alexa Mood stabilizers, glycogen synthase kinase-3beta and cell survival.


Evidence based Medicine and Practice

Author(s): Jope RS, Bijur GN, Jope RS, Bijur GN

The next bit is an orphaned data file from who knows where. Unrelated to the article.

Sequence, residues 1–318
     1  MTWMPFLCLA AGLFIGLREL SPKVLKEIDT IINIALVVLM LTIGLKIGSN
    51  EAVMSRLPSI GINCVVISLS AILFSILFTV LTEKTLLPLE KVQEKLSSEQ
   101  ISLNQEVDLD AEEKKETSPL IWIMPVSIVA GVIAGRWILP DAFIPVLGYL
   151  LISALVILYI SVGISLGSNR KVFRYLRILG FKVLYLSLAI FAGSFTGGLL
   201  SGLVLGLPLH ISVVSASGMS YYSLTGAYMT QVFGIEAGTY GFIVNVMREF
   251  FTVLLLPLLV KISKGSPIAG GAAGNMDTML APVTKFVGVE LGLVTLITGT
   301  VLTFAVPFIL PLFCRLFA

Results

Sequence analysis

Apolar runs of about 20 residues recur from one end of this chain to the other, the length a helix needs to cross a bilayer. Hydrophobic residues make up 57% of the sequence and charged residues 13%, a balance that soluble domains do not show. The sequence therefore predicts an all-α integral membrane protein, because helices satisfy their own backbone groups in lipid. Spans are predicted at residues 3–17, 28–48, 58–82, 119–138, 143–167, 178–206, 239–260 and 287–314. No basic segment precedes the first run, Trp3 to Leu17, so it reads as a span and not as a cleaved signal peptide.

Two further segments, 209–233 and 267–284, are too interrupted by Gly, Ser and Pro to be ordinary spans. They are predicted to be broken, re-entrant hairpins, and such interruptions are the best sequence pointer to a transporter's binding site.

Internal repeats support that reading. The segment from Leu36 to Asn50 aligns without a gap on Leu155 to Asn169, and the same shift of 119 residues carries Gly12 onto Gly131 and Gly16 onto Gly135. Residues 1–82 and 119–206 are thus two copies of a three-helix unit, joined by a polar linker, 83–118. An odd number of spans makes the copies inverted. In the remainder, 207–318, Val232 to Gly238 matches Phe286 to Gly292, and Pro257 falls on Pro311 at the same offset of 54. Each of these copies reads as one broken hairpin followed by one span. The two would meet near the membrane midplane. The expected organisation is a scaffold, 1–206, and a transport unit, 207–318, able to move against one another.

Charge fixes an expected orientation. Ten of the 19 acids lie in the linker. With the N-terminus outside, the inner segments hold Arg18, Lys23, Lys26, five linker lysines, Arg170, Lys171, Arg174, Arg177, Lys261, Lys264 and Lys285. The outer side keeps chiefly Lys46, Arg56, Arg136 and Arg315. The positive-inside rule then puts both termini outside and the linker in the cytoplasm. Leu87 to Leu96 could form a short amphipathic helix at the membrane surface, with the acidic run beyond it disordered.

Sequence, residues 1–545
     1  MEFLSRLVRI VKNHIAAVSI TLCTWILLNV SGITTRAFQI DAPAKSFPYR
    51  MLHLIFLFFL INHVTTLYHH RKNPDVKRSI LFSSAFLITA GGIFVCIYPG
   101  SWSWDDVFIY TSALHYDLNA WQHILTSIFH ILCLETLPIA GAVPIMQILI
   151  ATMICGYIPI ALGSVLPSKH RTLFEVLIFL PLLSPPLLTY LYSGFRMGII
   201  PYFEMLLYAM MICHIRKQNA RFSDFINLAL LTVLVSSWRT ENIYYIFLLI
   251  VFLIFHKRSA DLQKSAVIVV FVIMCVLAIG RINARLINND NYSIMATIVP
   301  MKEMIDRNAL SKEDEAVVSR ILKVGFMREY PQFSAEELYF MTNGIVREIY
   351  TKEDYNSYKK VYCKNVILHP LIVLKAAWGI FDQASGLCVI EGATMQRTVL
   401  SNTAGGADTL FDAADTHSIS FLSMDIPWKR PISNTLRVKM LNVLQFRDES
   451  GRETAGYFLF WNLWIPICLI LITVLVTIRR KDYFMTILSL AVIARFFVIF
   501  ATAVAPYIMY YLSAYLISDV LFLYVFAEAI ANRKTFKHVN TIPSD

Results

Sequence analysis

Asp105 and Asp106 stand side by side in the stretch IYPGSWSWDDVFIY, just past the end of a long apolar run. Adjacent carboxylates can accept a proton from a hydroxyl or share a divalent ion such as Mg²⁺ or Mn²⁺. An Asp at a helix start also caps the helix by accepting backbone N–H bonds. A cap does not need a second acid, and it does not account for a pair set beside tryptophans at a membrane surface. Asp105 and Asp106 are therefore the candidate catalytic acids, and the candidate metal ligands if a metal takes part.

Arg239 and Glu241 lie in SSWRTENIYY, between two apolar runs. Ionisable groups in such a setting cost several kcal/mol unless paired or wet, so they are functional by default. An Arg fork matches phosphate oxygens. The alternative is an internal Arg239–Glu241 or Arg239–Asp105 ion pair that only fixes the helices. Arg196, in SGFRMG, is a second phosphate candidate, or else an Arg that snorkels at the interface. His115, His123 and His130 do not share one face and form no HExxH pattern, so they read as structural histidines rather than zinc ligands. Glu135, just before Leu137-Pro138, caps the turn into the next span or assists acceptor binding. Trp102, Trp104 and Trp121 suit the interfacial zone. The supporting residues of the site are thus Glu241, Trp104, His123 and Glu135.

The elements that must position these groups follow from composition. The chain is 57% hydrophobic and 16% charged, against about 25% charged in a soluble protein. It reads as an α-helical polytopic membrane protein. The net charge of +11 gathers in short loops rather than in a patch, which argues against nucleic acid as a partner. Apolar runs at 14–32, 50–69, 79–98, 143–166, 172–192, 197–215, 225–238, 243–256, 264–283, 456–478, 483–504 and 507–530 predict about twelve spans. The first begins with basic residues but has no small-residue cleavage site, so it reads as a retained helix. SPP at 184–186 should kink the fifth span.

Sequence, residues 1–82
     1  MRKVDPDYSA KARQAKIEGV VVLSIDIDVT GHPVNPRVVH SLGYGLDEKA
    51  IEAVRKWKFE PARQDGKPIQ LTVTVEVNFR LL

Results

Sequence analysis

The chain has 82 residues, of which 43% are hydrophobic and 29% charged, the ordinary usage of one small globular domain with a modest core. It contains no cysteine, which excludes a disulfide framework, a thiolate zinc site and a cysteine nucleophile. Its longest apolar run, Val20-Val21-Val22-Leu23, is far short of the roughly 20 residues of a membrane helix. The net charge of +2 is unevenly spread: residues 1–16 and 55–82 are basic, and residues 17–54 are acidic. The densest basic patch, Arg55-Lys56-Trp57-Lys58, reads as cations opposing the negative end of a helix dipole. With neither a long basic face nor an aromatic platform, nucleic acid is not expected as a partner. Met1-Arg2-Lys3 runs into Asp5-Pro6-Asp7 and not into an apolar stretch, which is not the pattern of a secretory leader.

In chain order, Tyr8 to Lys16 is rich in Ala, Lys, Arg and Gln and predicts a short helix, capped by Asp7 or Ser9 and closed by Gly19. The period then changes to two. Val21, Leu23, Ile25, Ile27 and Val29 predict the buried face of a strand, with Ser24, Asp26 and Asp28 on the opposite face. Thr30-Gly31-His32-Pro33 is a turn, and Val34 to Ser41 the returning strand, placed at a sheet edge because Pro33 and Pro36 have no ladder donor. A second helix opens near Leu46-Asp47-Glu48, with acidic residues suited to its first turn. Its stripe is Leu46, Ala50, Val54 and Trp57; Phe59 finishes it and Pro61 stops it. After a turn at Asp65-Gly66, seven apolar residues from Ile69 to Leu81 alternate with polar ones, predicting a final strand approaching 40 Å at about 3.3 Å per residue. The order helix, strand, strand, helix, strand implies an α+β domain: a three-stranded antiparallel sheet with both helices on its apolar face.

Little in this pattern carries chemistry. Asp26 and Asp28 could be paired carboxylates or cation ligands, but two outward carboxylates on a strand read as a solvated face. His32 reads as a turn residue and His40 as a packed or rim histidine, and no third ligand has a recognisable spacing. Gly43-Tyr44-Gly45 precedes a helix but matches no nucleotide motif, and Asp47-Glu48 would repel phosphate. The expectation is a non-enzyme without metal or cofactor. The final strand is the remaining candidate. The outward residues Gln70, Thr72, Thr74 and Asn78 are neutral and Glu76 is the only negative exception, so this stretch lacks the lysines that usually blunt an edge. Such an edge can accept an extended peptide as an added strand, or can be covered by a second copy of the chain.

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Abstract Glycogen synthase kinase-3beta (GSK3beta) is a central figure in many intracellular signaling systems and is directly regulated by lithium. Substantial evidence now indicates that an important property of the mood stabilizer, lithium, is to influence GSK3beta-linked signaling pathways. This raises the possibility that other mood stabilizers act in a similar manner, which may include modulation of signaling systems leading to GSK3beta, direct regulation of GSK3beta or regulation of signaling intermediates downstream of GSK3beta. Downstream targets of GSK3beta, and thus potential targets of mood stabilizers, are several key transcription factors, including beta-catenin, AP-1, cyclic AMP-response element binding protein, NFkappaB, Myc, heat shock factor-1, nuclear factor of activated T-cells and CCAAT/enhancer-binding proteins. GSK3beta also is an important modulator of cell death, which may be a consequence of its regulatory effects on transcription factor activities. GSK3beta facilitates apoptosis, and lithium's inhibition of GSK3beta supports cell survival. Thus, signaling systems determining cell fate appear to be important targets of mood stabilizers, and these may include signaling pathways encompassing GSK3beta, including transcription factors regulated by GSK3beta. This article was published in Mol Psychiatry and referenced in Evidence based Medicine and Practice

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